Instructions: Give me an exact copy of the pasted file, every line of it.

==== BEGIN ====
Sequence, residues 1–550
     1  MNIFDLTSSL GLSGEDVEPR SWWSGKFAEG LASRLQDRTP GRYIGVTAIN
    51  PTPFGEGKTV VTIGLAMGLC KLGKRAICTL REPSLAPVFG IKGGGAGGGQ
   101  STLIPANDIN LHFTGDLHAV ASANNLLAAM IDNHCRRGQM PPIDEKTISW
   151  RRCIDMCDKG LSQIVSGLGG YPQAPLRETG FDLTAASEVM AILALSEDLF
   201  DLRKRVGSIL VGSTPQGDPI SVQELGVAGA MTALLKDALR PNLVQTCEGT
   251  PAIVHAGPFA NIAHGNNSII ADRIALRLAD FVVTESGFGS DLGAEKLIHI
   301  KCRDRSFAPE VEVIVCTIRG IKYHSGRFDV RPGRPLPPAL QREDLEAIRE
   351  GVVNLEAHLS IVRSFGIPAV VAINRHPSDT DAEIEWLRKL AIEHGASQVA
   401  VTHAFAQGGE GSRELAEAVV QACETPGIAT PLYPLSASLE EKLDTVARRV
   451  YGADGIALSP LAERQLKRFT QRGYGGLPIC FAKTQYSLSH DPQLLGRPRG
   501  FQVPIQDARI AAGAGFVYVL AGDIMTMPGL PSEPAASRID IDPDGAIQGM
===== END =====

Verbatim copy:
Sequence, residues 1–550
     1  MNIFDLTSSL GLSGEDVEPR SWWSGKFAEG LASRLQDRTP GRYIGVTAIN
    51  PTPFGEGKTV VTIGLAMGLC KLGKRAICTL REPSLAPVFG IKGGGAGGGQ
   101  STLIPANDIN LHFTGDLHAV ASANNLLAAM IDNHCRRGQM PPIDEKTISW
   151  RRCIDMCDKG LSQIVSGLGG YPQAPLRETG FDLTAASEVM AILALSEDLF
   201  DLRKRVGSIL VGSTPQGDPI SVQELGVAGA MTALLKDALR PNLVQTCEGT
   251  PAIVHAGPFA NIAHGNNSII ADRIALRLAD FVVTESGFGS DLGAEKLIHI
   301  KCRDRSFAPE VEVIVCTIRG IKYHSGRFDV RPGRPLPPAL QREDLEAIRE
   351  GVVNLEAHLS IVRSFGIPAV VAINRHPSDT DAEIEWLRKL AIEHGASQVA
   401  VTHAFAQGGE GSRELAEAVV QACETPGIAT PLYPLSASLE EKLDTVARRV
   451  YGADGIALSP LAERQLKRFT QRGYGGLPIC FAKTQYSLSH DPQLLGRPRG
   501  FQVPIQDARI AAGAGFVYVL AGDIMTMPGL PSEPAASRID IDPDGAIQGM